Given that London has chosen to be Washington’s sidekick in the latter’s all-around anti-China crusade, James Cleverly, having taken up the United Kingdom’s top diplomatic job as foreign minister, might be obliged to lambast China whenever he has a chance.
It was unsurprising that he bad-mouthed the National Security Law enacted by the Standing Committee of the National People’s Congress and promulgated by the Hong Kong Special Administrative government for implementation in the SAR when he spoke at the United Nations Human Rights Council on Monday.
But were Cleverly to value integrity and decency as every professional, self-respecting diplomat does, he would not have come up with twisted facts.
He claimed that “the right to freedom of speech and assembly guaranteed in Hong Kong’s Basic Law has been eroded”, citing the arrest of journalists and newspaper publisher Jimmy Lai Chee-ying and the shutdown of “independent media outlets” after the implementation of the National Security Law for Hong Kong (NSL).
Cleverly was wrong to think that he could, by playing a clumsy sleight of hand, pull the wool over the eyes of his audience, who are learned diplomats and the international community as a whole.
Lai was arrested for and charged with conspiracies to attract foreign sanctions or blockades against Hong Kong and Chinese mainland officials. And a couple of media outlets in Hong Kong decided to shut down because the operators realized they could no longer promote their anti-China political agendas and missions through those platforms. Dozens of media outlets, including major international media outlets such as The Wall Street Journal, The Economist, The New York Times, Bloomberg News and Reuters, remain accessible to any Hong Kong reader who cares to read them; and they are free to dispatch journalists to the city; they can cover whatever events they want; and they still criticize, or even slander, Beijing and the Hong Kong SAR government in the way they previously did.
Cleverly demonstrated ridiculously faulty logic when he equated the arrests of Lai and his several executives to erosion of “freedom of speech” just because they were in the media sector. He was suggesting, in effect, that certain occupations or professions are immune to legal liability, and that the universal principle of “equality before the law” does not apply to the media sector.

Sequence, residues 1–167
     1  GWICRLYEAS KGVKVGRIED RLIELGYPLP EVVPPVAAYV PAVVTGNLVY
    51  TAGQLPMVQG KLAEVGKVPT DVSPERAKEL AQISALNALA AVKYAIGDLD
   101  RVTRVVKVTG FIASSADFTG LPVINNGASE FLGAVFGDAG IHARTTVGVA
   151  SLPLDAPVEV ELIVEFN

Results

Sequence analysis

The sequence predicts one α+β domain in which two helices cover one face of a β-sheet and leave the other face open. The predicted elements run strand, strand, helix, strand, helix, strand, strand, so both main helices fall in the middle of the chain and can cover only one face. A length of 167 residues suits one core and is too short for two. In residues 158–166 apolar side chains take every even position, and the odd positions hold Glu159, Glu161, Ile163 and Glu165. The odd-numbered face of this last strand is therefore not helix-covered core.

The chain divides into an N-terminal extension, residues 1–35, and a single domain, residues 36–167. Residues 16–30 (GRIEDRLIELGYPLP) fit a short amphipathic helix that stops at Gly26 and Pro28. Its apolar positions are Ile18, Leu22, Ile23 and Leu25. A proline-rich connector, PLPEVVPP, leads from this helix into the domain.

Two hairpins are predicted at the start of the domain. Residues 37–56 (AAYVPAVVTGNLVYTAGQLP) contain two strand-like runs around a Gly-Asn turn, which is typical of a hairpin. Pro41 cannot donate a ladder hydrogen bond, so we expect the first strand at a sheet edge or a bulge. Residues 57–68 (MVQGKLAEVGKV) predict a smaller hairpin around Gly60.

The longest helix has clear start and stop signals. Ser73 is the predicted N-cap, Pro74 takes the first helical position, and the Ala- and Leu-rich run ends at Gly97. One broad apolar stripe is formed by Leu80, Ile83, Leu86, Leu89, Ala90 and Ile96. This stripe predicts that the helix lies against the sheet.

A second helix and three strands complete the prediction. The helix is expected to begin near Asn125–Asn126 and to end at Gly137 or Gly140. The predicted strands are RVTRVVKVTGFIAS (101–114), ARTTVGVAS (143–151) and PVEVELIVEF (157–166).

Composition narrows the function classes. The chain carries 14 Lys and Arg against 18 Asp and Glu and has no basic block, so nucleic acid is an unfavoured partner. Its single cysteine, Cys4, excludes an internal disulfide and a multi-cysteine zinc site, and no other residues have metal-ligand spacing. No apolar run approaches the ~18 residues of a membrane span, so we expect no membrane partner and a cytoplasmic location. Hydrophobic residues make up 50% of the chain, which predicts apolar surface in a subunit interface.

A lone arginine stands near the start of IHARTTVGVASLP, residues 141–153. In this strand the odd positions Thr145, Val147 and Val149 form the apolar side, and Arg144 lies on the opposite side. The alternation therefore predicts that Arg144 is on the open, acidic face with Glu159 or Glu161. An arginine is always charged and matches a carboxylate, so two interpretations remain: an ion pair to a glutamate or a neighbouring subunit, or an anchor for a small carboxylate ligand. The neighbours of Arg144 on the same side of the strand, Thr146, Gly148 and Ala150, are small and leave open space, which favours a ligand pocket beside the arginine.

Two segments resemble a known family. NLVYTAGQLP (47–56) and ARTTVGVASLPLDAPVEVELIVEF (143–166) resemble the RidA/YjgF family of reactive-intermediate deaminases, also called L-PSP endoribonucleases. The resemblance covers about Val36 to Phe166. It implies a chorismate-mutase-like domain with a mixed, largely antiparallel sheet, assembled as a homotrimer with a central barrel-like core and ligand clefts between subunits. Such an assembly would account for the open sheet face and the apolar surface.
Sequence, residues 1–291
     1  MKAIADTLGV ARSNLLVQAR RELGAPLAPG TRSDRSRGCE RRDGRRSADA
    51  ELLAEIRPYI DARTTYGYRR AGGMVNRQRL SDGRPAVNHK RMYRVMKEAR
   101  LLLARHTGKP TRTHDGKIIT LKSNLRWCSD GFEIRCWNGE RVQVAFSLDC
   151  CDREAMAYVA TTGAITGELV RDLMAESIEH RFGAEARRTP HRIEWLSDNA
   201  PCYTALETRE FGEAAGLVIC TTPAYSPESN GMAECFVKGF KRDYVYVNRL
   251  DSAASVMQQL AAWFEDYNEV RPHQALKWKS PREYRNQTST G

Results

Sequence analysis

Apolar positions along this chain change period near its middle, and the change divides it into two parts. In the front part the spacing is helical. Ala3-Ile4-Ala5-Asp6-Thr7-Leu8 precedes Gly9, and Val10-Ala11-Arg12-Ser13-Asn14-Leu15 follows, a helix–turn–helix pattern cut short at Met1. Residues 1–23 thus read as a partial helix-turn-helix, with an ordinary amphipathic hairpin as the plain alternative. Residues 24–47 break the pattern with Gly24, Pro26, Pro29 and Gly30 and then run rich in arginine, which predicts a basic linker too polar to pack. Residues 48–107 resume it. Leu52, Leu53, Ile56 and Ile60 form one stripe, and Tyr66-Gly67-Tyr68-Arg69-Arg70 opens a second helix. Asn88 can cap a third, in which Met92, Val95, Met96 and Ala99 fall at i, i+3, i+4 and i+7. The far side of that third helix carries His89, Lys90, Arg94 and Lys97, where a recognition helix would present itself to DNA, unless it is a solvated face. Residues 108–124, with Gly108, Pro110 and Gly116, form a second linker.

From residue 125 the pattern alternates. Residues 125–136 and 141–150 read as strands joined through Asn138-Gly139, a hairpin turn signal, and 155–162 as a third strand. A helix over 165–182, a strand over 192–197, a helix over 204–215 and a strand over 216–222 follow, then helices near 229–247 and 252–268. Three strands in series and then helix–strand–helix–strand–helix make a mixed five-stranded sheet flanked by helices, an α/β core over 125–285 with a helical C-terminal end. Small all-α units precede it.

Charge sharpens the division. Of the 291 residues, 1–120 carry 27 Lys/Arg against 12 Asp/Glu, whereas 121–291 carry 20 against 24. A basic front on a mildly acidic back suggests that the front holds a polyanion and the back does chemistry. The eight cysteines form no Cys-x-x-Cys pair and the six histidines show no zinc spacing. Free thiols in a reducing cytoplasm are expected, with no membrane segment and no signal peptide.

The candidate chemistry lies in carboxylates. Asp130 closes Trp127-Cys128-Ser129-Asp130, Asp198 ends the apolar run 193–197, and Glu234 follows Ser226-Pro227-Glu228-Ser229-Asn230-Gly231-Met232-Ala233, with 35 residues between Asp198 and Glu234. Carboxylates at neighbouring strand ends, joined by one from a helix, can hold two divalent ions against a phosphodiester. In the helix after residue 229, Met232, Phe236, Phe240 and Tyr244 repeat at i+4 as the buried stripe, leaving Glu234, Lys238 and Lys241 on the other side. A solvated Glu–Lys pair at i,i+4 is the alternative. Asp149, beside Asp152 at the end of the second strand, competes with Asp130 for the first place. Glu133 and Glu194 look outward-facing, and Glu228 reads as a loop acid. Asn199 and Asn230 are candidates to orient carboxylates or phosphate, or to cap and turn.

It is open contempt for Hong Kong’s judicial independence and blatant interference in China’s internal affairs that Cleverly openly challenged the cases against Lai and his lieutenants, particularly given that the relevant legal proceedings had started, and that six former executives of Lai’s now-defunct Apple Daily had indicated their intention to plead guilty to conspiracy to collude with foreign forces.
The NSL only outlaws subversion, secession, collusion with foreign forces, and terrorist acts. Such acts are never part of the rights or freedoms recognized by the international community, and they are criminalized in the UK as well as in the jurisdictions of all of its allies under various laws. Yet, Hong Kong’s National Security Law has been the bete noire of the United States and its allies ever since the law was promulgated in June 2020 in response to the “black-clad” riots in 2019, which were part of a de facto “color revolution” supported by external forces. The anti-China crusade reeks of hypocrisy and double standards.
Cleverly mentioned the Sino-British Joint Declaration, as have other like-minded British officials and politicians when meddling in Hong Kong’s affairs, to justify his behavior. The truth is, the Joint Declaration is a pair of linked statements by China and the UK, the former declaring China’s decision to resume exercise of sovereignty over Hong Kong on July 1, 1997; and the latter declaring that the UK will restore Hong Kong to China with effect from that date. The handover of Hong Kong on July 1, 1997, was the rightful end to a severe injustice the UK had placed on China. British politicians are deluded when they claim China is in some way accountable to them in managing Hong Kong. They are telling the world they subscribe to the notion that the looters, or robbers, have a say on how their loot should be disposed of even after those properties have been returned to the lawful owner(s).
The author is a current affairs commentator.
The views do not necessarily reflect those of China Daily.